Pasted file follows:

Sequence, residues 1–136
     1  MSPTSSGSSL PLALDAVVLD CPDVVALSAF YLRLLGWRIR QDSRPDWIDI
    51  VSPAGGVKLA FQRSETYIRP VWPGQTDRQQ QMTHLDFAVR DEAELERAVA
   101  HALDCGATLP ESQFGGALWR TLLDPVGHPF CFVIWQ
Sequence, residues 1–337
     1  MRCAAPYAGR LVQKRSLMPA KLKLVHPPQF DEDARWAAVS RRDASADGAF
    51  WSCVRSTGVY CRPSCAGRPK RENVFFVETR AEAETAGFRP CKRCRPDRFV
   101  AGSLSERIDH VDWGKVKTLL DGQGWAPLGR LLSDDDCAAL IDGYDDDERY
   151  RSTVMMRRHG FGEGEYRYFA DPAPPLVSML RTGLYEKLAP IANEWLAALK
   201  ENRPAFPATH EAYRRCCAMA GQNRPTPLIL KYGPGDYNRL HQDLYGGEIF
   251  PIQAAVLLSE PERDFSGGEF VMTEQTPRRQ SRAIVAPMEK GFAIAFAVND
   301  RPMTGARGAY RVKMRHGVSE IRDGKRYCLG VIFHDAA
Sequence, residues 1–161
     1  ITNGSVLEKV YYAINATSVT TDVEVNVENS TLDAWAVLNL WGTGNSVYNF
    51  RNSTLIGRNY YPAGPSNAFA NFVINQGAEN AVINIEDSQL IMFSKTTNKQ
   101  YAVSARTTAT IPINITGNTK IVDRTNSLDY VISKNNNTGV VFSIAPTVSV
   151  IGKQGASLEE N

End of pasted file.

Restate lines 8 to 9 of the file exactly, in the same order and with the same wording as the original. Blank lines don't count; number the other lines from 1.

   101  AGSLSERIDH VDWGKVKTLL DGQGWAPLGR LLSDDDCAAL IDGYDDDERY
   151  RSTVMMRRHG FGEGEYRYFA DPAPPLVSML RTGLYEKLAP IANEWLAALK